October 27, 2001 at 0:48 am the shadows of two of Jupiter’s moons (Io and Europa) cast their shadows on the face of Jupiter and transit in tandem with the Great Red Spot! This is just one of many MSE’s (Multiple Shadow Events) in this year’s Jovian apparition. This article by Mark Deprest describes these events and some of the dynamics behind them. Graphics produced by Guide 7.0 by Project Pluto.
Early in the 1600’s Simon Marius and Galileo Galilei pointed the newly invented telescope toward the heavens and specifically at the planet Jupiter. What they saw was both amazing and sacrilegious, there seem to be small objects “orbiting” this giant planet, actually casting shadows on the face of Jupiter.
Late in 2000 Rex Graham, Senior Editor of “Astronomy” magazine, is glancing through his copy of “The Royal Astronomical Society of Canada’s: Observer’s Handbook 2001” edited by Rajiv Gupta, when he notices that in October of 2001 there will be 10 Double Shadow Transits (DST) of the Galilean moons. To him, this seemed like a rather large number of Double Shadow Transits to all happen in one month, time to check with the experts, the best of these is Reta Beebe of New Mexico State University and discipline leader of the International Jupiter Watch: Atmosphere Discipline. A quick little e-mail to her asking for a source to confirm this phenomenon, which got forwarded to Mark Vincent, Ph.D. one of Beebe’s colleagues at NSMU and a former President of the University Lowbrow Astronomers of Ann Arbor, Michigan. Vincent then forwarded the e-mail to the, then current President of the Lowbrows, me. The e-mail went like this:
I suspect you’d have a good answer to this request from Astronomy Magazine to Reta Beebe to me to you....
Gotta Go, Meeting in a Minute,
Sorry about bugging you with such a mundane question, but do you know what source would list shadow transits on Jupiter? I ask because in October 2001 there will be 10 double-shadow transits, according to the new “Observer’s Handbook 2001,” edited by Rajiv Gupta. Ten sounds like a lot, but I would like to check into it.
Senior Editor, Astronomy Magazine
Well, I did have a very good source for confirming this info, and this is the kind of project, that I like to do. I went to my favorite astronomy software Guide 7.0 by Project Pluto, for the info. Guide 7.0 would provide me with a text file of all the Galilean satellite events for any period of days needed. This file included the moon involved, the type of event (occultations, eclipses, transits, and shadow events), the date, and the start and end times of each event. This was more information than I needed, but for just the one month, it wasn’t too difficult weed through the excess data, to confirm the 10 DST’s. But, was this some kind of unusual event or was this something that happens on a regular basis? When I started leafing back through older copies of the “RASC’s Observer’s Handbook,” I noticed that there was a pattern to these MSE’s (Multiple Shadow Events), that approximately every 13 months or so, an increase in the frequency of the MSE’s occurs.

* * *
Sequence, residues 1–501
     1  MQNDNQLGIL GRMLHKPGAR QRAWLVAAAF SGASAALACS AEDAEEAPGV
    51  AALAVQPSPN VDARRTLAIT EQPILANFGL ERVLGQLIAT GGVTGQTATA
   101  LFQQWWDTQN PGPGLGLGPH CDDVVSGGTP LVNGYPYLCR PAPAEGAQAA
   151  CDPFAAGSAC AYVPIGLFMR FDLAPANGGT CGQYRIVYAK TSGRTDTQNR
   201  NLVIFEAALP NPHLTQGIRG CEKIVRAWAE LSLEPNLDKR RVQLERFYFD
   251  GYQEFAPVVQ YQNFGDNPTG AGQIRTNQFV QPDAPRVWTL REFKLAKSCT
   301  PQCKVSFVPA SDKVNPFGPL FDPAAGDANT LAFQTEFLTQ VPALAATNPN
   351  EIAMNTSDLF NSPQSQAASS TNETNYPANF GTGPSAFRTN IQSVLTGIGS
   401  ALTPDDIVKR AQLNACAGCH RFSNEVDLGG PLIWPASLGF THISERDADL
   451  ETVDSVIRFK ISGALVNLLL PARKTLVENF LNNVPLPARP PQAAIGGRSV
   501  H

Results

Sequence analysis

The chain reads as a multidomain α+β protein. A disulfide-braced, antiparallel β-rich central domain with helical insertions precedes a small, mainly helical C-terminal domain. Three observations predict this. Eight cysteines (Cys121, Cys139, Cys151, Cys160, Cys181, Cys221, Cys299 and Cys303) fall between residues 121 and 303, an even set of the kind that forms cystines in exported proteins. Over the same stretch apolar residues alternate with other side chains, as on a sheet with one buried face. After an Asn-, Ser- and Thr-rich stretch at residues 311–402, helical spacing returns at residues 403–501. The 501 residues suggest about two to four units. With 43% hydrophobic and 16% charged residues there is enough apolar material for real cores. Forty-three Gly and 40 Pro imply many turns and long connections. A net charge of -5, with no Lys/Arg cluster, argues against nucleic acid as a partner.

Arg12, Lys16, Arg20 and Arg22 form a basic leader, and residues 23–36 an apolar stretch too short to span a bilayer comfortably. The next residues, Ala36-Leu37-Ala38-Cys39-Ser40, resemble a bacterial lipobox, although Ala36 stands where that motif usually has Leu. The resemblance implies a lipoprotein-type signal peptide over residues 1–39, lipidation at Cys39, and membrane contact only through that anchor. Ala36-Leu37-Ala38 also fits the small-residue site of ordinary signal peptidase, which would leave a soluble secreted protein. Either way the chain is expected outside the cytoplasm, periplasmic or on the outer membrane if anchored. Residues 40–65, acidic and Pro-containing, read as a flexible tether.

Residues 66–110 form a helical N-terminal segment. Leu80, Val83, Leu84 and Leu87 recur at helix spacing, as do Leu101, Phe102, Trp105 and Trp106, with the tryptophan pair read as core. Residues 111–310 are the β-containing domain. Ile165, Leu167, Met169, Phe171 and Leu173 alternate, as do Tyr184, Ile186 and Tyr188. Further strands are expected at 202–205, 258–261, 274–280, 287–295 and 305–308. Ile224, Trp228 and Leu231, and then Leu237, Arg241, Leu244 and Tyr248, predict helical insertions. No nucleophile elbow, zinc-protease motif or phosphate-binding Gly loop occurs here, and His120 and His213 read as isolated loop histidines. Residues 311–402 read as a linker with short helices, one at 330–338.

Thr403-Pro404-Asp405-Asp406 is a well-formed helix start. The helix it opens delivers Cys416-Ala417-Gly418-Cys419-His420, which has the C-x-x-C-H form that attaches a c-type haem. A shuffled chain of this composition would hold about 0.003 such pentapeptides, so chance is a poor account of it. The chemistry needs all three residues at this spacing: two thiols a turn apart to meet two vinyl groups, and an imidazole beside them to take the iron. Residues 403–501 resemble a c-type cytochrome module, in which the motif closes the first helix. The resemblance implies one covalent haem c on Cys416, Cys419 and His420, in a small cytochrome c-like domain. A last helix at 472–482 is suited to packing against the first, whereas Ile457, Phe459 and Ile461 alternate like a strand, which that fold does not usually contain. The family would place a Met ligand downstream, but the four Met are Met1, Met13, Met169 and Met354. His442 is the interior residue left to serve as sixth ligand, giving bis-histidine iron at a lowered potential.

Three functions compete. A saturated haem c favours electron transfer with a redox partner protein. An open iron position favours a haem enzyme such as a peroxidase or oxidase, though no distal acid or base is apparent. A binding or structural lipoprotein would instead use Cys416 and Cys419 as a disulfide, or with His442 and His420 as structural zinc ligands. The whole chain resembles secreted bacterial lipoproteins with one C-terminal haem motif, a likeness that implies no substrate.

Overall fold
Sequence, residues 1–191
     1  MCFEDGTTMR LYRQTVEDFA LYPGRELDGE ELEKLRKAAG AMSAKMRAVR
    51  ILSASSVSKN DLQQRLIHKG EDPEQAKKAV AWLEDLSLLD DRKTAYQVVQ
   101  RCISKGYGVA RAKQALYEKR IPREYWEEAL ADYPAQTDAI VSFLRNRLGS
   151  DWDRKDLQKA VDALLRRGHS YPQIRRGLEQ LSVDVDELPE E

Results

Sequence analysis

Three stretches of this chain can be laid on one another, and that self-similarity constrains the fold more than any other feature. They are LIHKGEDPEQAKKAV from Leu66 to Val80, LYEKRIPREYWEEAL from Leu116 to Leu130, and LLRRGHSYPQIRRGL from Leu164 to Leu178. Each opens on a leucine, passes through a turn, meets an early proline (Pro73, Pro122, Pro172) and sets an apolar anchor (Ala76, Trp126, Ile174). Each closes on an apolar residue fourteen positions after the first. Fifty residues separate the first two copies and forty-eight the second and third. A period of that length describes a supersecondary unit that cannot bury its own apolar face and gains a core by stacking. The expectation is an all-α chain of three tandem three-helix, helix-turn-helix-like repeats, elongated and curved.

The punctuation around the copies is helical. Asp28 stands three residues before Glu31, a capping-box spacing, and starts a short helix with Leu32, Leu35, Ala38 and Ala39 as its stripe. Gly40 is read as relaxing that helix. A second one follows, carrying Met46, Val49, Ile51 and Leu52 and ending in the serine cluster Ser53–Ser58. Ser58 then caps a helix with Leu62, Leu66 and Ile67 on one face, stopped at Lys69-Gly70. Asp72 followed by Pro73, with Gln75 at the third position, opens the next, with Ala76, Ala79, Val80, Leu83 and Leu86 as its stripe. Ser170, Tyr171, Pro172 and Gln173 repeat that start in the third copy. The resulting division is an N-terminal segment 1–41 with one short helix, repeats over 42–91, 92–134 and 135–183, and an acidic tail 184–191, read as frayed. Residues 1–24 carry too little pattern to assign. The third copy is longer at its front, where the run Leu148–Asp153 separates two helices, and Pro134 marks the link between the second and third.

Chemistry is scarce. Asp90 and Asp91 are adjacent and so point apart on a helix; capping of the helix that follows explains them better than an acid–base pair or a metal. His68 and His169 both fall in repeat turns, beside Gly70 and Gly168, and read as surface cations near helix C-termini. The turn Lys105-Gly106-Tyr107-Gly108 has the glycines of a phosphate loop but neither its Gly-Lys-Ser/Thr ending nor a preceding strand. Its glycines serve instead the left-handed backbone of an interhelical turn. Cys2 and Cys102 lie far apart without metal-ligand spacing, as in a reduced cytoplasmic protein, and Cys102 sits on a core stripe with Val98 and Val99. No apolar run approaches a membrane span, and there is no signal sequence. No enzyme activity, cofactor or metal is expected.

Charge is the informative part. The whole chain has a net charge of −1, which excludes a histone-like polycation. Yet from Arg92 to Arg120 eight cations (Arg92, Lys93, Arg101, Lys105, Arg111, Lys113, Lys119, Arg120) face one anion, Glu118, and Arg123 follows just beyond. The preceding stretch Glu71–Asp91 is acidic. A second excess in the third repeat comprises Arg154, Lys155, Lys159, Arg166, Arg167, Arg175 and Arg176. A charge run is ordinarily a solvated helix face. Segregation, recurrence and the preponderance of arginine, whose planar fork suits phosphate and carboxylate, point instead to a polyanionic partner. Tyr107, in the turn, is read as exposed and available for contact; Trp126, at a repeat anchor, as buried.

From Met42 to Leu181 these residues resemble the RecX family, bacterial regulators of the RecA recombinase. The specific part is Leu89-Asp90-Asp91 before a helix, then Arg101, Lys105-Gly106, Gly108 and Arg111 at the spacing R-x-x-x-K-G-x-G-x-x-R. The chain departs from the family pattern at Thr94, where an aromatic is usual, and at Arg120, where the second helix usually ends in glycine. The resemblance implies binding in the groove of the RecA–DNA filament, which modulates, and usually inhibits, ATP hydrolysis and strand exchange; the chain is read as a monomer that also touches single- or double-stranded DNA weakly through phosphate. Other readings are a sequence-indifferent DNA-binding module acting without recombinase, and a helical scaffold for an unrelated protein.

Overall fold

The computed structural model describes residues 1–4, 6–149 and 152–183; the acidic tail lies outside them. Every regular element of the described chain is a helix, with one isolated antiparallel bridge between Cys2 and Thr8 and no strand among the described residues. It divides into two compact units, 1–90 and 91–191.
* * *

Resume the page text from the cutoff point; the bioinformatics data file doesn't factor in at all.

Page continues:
So, I went back to Guide 7.0 and asked for a complete Jovian year (12 Earth years) worth of events, this produced a rather large file containing some 27,890 event records. I needed to weed-out a lot of data this time, so that all that I would have remaining were the shadow events. I used Microsoft Excel to create a spreadsheet that I could export into Microsoft Access, which I used to eliminate everything except the shadow events. This created a file of 8896 records that included both the start and end times of each shadow event. It was just a matter of picking out those events when the start of one shadow event was followed by the start of another shadow event without the end of the first. With that done, I now had a spreadsheet that showed 271 DST’s and 3 TST (Triple Shadow Transits) for the Jovian year starting January 1st 1994 and running through December 31st 2005. I was able to confirm this 13 month pattern which is known as “Shadow Season” and it can last for about 35 to 48 days. During a shadow season Multiple Shadow Events can average a frequency of one every 2.36 days. DST’s are the most common, but occasionally TST’s are possible, the last TST that happened was on November 11th 1997, and involved Io, Ganymede, and Callisto. The next TST will occur on March 28th 2004 and the same three moons will be involved.